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Rising Sun

WW2 Pacific strategy game reviewed

Dark blue icons of video game controllers on a light blue background
Image credit: Eurogamer
"Looks like we got ourselves a convoy"


Mankind has an undeniable fascination with war. We watch images of unfolding conflicts, on the one hand clucking sympathetically about the suffering of the people on the ground, while inside we thrill at every deep boom of the heavy artillery, and shiver with excitement at the sharp cracking of assault rifles.

The media have exploited this facet of human nature since the beginning of time - our basic need for conflict is expressed most powerfully in warfare, and thousands of plays, novels and movies have fulfilled that need admirably, from Shakespeare's Macbeth to the latest Hollywood action flick. Most recently of all, computer games allow the player to enter into a wartime situation, either as an individual soldier or as the commander of an entire army.

All of these games - from the military authenticity of Counter Strike and Shogun to the exaggerated technological carnage of Unreal Tournament and Tiberian Sun - base their appeal on the fact that they bring the player into the battlefield, allowing them to become part of the action in the age old game of war.

While of course many different factors combine to create a good or a bad game, there is no doubt that immersion is a primary one - the ultimate aim of a game creator is to make the player feel part of the action to as large a degree as possible.

"We'll fight them on the beaches..."


Not so Rising Sun. This is the latest in a line of games from Talonsoft that recreate historic theatres of war, in this case the Pacific during World War II is the focus.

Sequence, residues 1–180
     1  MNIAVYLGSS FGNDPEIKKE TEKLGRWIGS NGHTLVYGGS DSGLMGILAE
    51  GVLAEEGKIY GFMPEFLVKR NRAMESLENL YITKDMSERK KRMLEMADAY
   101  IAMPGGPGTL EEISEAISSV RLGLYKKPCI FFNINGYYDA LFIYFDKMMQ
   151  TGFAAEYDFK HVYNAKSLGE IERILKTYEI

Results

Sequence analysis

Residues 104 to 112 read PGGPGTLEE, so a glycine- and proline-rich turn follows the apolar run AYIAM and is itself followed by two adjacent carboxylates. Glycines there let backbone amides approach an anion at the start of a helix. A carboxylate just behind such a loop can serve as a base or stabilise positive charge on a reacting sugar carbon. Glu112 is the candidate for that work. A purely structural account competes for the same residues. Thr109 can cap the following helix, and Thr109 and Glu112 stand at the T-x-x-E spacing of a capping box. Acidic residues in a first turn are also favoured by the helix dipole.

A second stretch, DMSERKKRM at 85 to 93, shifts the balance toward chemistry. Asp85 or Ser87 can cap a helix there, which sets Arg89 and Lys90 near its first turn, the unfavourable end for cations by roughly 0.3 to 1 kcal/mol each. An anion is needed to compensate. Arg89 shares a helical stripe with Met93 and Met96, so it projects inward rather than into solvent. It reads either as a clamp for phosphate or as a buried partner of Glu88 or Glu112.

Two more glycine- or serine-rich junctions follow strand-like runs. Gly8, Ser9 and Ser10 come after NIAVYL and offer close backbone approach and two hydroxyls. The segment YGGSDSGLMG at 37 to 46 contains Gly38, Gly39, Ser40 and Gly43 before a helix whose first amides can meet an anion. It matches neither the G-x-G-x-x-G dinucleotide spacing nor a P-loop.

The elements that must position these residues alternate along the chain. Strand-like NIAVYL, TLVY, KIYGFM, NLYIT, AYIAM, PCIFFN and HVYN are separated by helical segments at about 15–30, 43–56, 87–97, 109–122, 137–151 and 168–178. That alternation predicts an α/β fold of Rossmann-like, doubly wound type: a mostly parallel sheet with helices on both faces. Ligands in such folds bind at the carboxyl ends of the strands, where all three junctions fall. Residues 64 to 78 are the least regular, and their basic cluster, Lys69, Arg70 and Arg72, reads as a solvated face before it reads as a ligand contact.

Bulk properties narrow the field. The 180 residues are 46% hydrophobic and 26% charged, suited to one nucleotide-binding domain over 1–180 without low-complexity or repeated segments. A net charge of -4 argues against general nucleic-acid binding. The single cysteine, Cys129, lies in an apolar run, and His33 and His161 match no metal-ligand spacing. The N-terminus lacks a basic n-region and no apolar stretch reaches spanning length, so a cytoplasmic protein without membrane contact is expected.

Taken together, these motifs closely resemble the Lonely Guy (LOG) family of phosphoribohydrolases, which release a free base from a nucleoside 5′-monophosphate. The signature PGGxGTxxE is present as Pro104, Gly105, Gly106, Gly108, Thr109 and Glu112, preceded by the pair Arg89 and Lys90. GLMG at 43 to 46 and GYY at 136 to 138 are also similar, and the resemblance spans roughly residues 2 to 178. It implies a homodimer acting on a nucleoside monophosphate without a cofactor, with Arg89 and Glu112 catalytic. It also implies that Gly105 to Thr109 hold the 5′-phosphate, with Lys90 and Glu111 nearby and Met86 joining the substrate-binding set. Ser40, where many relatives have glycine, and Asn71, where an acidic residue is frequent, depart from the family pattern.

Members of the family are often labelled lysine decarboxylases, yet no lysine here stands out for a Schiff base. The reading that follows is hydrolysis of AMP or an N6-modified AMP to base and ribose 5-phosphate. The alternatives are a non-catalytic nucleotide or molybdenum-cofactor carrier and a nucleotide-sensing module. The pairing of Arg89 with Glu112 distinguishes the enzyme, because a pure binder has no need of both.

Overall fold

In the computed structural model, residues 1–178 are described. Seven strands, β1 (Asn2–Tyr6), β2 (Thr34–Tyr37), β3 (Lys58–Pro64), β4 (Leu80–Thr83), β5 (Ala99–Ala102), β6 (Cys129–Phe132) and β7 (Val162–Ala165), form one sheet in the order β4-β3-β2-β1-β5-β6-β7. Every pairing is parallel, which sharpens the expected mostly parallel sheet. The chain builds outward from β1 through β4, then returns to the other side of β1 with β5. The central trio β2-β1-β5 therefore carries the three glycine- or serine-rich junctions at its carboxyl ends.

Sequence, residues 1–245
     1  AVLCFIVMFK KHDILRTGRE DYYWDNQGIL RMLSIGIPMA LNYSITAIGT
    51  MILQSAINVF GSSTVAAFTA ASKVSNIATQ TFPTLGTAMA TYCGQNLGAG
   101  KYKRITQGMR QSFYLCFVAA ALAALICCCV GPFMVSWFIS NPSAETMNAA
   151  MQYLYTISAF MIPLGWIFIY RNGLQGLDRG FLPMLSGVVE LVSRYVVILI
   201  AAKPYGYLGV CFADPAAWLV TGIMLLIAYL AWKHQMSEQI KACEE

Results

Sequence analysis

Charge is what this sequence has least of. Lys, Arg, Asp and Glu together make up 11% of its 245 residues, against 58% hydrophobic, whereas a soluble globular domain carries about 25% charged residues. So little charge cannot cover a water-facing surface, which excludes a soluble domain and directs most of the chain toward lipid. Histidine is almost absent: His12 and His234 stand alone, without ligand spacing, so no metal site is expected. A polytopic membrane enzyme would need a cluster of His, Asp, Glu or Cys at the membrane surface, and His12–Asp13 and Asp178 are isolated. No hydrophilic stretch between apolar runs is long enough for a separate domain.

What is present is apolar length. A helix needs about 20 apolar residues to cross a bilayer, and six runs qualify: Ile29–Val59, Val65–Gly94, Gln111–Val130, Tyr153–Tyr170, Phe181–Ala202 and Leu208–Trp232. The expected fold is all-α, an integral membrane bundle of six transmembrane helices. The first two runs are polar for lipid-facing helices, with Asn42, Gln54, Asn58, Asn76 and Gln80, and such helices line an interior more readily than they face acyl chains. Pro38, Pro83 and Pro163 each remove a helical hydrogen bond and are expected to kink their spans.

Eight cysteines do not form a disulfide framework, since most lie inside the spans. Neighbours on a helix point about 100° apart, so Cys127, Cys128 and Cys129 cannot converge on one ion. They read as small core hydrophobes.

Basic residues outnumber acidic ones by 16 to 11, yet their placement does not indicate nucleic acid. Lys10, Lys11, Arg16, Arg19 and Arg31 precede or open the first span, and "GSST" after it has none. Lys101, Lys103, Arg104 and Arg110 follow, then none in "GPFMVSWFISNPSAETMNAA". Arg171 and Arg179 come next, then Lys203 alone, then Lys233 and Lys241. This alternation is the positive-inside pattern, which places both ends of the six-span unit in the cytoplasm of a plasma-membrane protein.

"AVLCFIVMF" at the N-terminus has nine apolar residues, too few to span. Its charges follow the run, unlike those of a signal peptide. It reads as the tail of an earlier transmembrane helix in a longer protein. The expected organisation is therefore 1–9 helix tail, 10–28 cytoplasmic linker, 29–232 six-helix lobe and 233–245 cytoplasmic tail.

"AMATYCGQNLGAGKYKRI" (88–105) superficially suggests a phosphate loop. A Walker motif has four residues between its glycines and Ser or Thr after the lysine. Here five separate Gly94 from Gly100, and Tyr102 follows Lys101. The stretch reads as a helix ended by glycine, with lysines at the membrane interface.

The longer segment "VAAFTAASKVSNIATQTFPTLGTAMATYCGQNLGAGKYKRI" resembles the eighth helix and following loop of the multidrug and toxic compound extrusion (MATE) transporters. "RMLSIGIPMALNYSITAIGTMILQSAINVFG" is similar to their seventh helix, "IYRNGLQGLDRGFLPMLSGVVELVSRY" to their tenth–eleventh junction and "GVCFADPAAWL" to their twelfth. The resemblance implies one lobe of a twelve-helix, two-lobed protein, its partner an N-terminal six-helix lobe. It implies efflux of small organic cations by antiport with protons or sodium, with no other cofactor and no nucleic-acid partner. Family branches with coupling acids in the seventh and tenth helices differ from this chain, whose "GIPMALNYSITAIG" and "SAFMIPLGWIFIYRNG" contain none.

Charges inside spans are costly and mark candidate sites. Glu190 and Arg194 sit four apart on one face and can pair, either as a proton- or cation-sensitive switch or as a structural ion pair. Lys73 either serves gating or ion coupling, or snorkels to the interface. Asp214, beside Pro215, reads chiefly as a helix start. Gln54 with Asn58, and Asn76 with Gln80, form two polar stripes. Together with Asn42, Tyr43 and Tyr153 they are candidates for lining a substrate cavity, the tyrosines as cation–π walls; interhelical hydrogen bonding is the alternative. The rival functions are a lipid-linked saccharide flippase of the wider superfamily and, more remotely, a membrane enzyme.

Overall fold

Any fan of military history will recognise the names of battlefields such as Guadalcanal, Manila and Tarawa, but rather than basing a real-time strategy game of tactics and resource management around this rich source material, Talonsoft have created a turn-based game played over maps made up of large hexagons which has more in common with military board games than it does with contemporary strategy wargames.

Starting a game of Rising Sun is like stepping into a timewarp, not back to the 1940's, as the developers might hope, but to the early 1990's, when most strategy games were two dimensional and based on moving pieces around on hexagons.

Rising Sun is admittedly a little more advanced than that - the battlefields in the game are based on actual overhead photographs of the terrain of the Pacific during the war, and concepts such as height and line-of-sight are implemented quite well. But at the end of the day, it is very hard to get away from the fact that this is a game which is not a million miles ahead of Civilisation 2 in terms of graphics, and whose gameplay mechanics are akin to those found in very simplistic table-top games.

Rice paddies, yesterday

Turn, Turn, Turn

The basic premise of all of the scenarios in Rising Sun is that your units are placed at one end of the map, and you are given a certain number of turns to complete an objective, such as the capture of a strategic position, or the destruction of certain enemy units.